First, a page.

A documentary that follows a billionaire couple as they begin construction on a mansion inspired by Versailles. During the next two years, their empire, fueled by the real estate bubble and cheap money, falters due to the economic crisis.
Using state-of-the-art equipment, a group of activists, led by renowned dolphin trainer Ric O'Barry, infiltrate a cove near Taijii, Japan to expose both a shocking instance of animal abuse and a serious threat to human health.
This is the eighth documentary I have seen by Errol Morris. His "Gates of Heaven" is my favorite, while this one is eighth on my list. The story is that of Joyce McKinney, once a Wyoming beauty queen, who (she claims) fell obsessively in love with a young Mormon man named Kirk Anderson. She was later charged with kidnapping this man and forcing him to have sex.
I can see where this might appeal to Morris; after I had seen all his interviews with McKinney, a couple of news reporters with differing views, an airline pilot, and a Salt Lake City radio host I was left with no clear idea of exactly what happened. Oddly, documenting materials from one of the newspapers disappeared and the documentation in McKinney's possession was supposedly stolen. Another person who was closely involved in the escapade was Keith May, who had since died.
Most of the movie is taken up with Miss McKinney talking at us. The only thing I found to be true for sure is that she is a real space cadet. She admits to having had acting experience and you don't know whether to believe a word she says. She claims to have an IQ of 167, but I saw no evidence that she was above average in intelligence (in fact I would think the contrary).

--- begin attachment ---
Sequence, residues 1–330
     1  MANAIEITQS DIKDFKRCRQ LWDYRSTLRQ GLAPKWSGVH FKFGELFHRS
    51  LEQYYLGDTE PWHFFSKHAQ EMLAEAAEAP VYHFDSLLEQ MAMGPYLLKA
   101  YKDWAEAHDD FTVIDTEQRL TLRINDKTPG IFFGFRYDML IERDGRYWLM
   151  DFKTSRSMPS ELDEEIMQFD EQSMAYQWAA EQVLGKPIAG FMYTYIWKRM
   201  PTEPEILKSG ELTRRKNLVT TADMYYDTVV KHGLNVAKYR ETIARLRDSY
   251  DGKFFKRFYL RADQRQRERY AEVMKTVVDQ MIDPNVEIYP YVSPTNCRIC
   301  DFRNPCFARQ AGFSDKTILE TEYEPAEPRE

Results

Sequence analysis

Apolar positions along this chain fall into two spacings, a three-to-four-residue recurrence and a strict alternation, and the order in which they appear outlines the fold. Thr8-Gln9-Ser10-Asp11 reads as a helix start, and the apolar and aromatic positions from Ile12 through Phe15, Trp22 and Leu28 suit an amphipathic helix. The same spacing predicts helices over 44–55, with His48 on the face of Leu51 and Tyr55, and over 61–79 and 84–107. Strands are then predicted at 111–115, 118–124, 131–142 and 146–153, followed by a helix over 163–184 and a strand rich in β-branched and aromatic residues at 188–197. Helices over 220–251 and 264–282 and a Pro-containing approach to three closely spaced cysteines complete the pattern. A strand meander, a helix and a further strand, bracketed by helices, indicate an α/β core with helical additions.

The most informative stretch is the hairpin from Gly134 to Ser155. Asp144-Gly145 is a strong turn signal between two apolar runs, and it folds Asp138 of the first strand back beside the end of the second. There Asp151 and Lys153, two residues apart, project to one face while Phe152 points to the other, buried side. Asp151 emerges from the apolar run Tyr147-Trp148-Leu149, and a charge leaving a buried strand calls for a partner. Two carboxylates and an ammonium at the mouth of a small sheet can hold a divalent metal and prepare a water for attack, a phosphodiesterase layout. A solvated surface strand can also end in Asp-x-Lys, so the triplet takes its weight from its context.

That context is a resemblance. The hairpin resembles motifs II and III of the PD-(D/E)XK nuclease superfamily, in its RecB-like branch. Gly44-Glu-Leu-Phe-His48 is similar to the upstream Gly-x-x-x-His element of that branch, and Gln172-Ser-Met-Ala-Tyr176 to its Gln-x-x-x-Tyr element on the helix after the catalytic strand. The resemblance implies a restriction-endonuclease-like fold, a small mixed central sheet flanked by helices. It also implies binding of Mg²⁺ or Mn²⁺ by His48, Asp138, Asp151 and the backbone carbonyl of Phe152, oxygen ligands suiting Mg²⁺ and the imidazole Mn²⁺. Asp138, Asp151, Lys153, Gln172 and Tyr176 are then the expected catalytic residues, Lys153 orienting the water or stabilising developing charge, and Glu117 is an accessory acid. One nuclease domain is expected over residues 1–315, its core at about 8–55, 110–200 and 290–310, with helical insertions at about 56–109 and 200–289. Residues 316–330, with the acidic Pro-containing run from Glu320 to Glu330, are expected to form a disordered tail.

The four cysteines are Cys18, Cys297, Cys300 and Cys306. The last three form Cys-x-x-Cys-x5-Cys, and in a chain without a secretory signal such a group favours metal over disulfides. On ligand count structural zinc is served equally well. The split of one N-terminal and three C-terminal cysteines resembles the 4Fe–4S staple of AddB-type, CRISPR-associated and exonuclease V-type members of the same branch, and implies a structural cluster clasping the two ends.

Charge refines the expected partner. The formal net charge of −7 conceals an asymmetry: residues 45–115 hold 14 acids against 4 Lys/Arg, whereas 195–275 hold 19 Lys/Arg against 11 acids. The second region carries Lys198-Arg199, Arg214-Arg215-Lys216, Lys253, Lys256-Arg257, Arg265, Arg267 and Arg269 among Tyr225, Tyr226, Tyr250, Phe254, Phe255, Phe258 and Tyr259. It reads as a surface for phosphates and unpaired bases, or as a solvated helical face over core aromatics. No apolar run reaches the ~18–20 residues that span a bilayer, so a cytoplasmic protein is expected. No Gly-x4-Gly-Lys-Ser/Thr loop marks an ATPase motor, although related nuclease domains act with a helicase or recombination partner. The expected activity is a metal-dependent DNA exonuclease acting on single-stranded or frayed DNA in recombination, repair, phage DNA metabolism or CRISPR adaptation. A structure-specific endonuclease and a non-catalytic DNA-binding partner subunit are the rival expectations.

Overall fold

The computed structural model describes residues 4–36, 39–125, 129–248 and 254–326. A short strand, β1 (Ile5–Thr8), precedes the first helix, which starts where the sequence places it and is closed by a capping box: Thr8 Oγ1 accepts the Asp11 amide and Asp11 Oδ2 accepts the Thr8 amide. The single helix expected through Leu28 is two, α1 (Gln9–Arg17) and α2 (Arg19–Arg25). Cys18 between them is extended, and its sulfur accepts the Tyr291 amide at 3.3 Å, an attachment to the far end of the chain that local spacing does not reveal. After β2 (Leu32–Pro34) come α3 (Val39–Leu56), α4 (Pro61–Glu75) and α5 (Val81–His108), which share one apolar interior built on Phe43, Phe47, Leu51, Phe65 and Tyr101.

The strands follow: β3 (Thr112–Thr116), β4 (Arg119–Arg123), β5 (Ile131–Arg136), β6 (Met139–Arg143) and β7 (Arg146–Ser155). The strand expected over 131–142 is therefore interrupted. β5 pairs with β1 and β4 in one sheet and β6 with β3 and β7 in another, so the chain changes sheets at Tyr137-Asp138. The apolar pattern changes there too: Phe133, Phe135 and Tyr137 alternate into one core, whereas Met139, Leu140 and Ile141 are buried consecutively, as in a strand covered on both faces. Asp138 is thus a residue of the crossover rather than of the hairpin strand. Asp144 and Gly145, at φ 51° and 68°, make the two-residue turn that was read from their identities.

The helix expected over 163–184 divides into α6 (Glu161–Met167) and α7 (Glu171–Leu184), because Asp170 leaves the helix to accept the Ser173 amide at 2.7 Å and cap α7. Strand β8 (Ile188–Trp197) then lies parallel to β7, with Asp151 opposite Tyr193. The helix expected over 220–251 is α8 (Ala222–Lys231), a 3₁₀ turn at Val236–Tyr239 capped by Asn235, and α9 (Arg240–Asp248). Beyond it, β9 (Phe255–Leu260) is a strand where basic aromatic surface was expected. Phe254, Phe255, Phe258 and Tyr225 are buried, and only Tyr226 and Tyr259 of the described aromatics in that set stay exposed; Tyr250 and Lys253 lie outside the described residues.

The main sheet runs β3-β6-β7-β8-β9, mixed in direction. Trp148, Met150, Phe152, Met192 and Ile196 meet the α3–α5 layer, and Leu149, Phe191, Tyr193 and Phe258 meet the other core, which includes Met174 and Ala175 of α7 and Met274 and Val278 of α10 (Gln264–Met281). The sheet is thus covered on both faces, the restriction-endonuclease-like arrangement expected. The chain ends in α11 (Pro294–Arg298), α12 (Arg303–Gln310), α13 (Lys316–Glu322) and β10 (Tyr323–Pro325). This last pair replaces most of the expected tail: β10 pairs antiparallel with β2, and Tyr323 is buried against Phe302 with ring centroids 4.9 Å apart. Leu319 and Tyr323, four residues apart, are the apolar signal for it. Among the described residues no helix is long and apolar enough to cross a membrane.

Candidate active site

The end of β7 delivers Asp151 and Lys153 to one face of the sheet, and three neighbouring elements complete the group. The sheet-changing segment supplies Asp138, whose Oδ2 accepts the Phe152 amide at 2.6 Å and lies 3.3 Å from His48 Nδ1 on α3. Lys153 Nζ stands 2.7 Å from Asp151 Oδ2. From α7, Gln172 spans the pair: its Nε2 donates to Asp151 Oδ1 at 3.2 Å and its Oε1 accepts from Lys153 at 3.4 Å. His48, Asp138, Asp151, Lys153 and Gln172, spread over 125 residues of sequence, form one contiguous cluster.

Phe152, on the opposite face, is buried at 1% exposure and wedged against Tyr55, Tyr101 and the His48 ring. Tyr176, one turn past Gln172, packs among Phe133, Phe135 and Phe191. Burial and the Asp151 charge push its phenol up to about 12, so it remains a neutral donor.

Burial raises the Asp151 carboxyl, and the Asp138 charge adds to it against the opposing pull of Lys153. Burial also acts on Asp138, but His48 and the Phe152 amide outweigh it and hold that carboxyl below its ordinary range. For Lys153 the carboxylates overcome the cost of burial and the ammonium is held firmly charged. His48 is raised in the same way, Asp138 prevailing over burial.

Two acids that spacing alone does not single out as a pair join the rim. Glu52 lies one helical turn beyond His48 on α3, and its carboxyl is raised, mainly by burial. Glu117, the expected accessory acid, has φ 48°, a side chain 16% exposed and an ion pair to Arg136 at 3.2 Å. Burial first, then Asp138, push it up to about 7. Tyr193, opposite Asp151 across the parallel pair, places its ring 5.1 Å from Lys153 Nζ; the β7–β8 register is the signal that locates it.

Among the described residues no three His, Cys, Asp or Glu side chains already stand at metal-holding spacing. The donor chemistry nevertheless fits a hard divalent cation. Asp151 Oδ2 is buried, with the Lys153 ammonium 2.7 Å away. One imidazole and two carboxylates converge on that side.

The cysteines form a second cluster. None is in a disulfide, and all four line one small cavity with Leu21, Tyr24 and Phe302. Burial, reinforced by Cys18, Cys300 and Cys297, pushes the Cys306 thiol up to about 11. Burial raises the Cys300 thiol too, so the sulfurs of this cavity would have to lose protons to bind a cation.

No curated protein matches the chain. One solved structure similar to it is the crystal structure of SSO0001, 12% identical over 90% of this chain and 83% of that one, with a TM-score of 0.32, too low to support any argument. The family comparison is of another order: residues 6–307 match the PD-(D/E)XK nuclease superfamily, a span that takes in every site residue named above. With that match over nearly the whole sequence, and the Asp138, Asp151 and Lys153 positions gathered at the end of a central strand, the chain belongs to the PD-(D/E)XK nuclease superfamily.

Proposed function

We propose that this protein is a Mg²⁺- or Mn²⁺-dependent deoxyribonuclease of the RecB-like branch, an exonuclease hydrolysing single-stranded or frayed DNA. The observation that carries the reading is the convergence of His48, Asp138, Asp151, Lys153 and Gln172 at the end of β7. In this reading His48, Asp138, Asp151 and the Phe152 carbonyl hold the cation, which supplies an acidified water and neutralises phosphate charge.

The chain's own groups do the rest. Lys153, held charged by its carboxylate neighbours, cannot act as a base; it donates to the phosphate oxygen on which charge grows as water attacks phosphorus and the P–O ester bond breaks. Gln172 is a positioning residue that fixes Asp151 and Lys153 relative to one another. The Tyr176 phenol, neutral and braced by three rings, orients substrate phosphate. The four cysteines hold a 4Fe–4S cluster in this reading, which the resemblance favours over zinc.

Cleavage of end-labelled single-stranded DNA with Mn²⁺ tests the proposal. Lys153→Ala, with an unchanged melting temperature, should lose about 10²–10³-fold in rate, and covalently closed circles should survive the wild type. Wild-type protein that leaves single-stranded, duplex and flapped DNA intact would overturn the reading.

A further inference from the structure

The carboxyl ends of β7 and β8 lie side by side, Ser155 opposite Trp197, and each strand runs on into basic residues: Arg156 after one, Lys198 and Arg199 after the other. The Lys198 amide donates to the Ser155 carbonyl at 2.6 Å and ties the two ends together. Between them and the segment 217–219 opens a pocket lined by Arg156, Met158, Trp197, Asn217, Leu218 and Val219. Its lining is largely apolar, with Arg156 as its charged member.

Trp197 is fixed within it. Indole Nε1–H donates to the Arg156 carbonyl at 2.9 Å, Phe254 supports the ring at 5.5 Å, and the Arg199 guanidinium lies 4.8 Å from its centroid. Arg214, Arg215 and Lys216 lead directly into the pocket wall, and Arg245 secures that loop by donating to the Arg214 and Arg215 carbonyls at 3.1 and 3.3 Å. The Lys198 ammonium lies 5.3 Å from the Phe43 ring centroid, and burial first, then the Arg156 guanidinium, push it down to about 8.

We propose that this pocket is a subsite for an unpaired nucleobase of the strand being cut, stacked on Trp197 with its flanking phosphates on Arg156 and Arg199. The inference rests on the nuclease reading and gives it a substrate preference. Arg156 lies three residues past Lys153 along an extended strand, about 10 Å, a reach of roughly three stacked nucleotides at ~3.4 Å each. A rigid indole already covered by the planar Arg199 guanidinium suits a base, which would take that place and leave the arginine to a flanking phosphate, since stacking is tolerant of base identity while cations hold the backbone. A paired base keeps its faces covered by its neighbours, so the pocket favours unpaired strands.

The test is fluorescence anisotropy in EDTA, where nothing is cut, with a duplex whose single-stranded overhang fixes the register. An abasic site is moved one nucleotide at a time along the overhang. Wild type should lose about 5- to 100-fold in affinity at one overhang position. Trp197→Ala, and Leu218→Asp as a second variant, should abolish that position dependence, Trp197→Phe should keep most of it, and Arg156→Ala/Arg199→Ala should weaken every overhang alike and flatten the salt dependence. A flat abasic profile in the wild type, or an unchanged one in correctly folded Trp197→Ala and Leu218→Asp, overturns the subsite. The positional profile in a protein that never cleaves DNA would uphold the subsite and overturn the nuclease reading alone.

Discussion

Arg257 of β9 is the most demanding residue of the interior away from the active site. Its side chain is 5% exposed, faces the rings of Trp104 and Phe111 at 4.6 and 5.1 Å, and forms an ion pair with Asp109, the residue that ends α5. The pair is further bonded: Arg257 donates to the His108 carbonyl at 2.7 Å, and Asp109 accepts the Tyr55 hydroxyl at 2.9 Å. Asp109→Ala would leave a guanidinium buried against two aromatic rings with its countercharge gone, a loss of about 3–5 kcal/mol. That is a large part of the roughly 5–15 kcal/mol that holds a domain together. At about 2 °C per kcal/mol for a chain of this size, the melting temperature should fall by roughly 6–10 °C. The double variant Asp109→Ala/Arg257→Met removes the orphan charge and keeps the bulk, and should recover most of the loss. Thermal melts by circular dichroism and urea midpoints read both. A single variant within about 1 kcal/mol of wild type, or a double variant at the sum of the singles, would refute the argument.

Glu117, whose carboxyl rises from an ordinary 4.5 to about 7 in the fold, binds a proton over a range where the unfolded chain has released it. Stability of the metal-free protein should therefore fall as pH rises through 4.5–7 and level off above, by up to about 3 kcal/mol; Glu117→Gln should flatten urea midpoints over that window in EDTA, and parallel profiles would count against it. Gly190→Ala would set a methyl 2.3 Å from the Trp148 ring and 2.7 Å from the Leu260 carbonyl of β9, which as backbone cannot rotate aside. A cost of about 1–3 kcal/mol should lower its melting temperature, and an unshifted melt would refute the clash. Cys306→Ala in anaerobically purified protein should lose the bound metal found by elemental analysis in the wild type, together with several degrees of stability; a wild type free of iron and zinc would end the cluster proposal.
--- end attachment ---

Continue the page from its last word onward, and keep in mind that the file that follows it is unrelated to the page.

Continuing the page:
Some of the clips used to illustrate the dialog were pretty silly, like some stock footage of a guy ripping a phone off the wall when one of the interviewees was talking about a phone cord having been pulled out. And I found the cutesy little cartoons particularly lame. Also, I was never sure whether I was seeing original footage or reenactments. For example, Kirk Anderson was described as being a very large man, but the clips we see of him show him to be of fairly normal weight.
The biggest weakness I found was that neither Kirk Anderson not Kieth May was interviewed (Anderson declined and May was dead). So, we never got the story from the only other people closely involved. I like stories that leave some ambiguity as to what happened, but stories like this where you don't have enough information to make an informed speculation are not satisfying.
6 of 9 people found this review helpful.
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